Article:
dopamineEarlier this week, we wrote about a vaccine for heroin addiction, which researchers continue to look for funding to continue their cause. Scientists around the world are studying the potential of new methods for treating other forms of addiction as well, such as cocaine. At the University of Copenhagen in Denmark, researchers believe that they are moving closer to an antidote for cocaine addiction, focusing on a mechanism behind a protein dopamine transporter, Medical News Today reports.

After marijuana, cocaine is the second most commonly used illegal drug in Europe, according to the European Monitoring Centre on Drugs and Drug Addiction.

“If we have a better understanding of the dopamine transporter function we will become more proficient in developing an antidote against cocaine addiction,” says Associate Professor Claus Juul Loland from the department of Neuroscience and Pharmacology.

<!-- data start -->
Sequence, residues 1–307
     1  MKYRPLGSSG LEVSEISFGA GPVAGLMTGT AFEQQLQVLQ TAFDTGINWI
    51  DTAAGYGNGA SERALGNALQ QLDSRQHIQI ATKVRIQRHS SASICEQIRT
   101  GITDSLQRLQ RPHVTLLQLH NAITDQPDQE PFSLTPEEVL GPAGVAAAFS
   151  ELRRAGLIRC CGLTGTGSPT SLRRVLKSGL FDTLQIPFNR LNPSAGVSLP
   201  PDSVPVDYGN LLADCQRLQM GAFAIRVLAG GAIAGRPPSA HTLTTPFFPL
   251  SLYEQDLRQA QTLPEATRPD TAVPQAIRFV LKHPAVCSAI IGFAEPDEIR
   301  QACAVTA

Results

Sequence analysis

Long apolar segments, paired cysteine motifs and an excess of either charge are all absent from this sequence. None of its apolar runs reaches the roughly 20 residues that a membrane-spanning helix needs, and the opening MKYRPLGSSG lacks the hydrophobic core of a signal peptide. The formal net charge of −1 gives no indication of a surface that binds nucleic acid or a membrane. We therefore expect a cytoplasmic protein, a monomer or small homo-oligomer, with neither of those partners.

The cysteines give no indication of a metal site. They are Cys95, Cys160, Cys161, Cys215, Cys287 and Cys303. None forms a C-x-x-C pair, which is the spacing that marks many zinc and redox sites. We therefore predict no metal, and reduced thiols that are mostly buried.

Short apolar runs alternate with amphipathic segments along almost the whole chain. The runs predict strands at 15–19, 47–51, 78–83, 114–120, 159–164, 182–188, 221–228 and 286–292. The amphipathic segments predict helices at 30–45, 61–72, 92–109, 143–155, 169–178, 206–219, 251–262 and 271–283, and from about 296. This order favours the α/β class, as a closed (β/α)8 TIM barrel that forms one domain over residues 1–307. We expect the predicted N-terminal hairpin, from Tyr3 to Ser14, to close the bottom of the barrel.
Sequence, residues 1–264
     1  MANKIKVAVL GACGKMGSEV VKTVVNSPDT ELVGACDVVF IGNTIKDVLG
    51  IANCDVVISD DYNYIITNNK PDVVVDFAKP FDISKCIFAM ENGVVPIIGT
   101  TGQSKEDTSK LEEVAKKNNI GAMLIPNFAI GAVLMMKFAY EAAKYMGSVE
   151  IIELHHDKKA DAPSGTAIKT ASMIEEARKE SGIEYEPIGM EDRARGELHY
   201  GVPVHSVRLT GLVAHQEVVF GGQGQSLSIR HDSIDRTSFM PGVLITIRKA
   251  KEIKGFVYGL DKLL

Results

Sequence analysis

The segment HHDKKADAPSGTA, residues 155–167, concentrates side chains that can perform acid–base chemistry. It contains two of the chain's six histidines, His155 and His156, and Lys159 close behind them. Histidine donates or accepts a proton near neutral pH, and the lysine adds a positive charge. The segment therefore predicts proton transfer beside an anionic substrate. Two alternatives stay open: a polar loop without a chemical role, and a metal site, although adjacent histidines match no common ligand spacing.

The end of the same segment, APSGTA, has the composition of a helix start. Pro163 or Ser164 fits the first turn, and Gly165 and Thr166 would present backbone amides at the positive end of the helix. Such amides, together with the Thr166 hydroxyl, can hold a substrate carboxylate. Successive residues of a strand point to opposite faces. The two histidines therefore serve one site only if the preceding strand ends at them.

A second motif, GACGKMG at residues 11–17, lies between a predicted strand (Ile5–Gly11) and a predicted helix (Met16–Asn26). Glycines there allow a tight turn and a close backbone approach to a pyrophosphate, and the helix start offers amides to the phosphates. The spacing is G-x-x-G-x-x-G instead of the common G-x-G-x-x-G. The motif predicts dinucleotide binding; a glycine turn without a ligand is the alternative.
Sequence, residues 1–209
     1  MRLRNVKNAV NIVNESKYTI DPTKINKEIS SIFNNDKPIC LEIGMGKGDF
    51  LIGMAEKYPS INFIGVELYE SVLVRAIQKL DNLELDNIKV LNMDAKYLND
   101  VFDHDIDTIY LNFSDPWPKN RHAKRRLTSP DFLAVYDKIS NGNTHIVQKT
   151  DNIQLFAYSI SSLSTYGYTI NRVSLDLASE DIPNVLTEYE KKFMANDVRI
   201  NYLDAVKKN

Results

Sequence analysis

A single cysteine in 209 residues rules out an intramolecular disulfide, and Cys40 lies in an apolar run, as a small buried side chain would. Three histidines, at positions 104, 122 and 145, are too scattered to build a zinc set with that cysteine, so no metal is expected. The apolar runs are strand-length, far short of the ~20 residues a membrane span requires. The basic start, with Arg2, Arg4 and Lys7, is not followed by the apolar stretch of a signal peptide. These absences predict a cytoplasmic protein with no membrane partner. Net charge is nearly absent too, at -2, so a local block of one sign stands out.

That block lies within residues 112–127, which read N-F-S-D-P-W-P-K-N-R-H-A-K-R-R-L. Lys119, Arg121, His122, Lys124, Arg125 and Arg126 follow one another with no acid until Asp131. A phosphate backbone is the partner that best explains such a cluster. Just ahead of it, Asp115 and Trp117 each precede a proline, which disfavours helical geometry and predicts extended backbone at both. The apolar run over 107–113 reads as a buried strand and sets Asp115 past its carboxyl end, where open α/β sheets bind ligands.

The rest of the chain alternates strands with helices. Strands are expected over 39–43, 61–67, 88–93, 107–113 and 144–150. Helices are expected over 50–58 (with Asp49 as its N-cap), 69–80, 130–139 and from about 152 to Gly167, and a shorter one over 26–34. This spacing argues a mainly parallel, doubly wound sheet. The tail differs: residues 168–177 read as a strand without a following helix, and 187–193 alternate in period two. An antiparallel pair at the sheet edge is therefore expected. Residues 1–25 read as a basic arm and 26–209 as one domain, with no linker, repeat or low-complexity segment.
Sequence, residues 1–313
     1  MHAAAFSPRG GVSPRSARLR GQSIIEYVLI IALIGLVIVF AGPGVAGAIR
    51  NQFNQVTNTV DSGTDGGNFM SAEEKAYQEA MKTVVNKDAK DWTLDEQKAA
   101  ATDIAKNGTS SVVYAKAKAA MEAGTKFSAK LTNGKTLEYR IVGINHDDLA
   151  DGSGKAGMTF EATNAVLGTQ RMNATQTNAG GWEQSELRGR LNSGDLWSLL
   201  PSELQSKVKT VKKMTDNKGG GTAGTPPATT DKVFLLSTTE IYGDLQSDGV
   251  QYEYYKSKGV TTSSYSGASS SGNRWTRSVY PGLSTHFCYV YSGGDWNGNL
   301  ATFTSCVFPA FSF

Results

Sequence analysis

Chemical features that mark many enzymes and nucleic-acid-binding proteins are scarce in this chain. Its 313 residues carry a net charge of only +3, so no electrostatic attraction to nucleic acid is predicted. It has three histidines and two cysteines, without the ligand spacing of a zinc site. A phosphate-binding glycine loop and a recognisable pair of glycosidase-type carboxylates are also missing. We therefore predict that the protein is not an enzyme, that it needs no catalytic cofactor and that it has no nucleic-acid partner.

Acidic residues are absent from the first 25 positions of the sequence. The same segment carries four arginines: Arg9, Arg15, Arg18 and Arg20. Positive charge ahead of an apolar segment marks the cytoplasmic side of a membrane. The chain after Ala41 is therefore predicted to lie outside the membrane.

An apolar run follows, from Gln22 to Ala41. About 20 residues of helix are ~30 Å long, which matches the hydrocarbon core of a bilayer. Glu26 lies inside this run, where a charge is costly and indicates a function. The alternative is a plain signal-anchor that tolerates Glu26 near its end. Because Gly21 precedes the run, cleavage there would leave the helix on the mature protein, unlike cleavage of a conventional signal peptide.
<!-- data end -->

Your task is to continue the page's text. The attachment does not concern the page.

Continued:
Cocaine acts as an inhibitor of the dopamine transporter, but there are other inhibitors that bind to the dopamine transporter that did not cause the same stimulatory response when administered to rats, according to the researchers. The goal is determine, on a molecular level why the inhibitors act differently. If they can develop non-stimulatory inhibitors that will block the subsequent binding of cocaine, it will stop cocaine users from getting high, the article reports.

“Our objective here is that cocaine will not then work anymore as the antidote will inhibit the stimulatory response of taking this drug,” concludes Loland.

Cocaine is highly addictive due to the euphoric feeling the drug produces in the brain. The drug blocks dopamine transporter sites in the terminal buttons of neurons, essentially trapping high levels of dopamine in the synapse for longer than normal durations, according to the article. The extended period of time the dopamine lingers produces the initial euphoria and reward commonly reported by cocaine abusers.

The results have been published in the Journal of Biological Chemistry.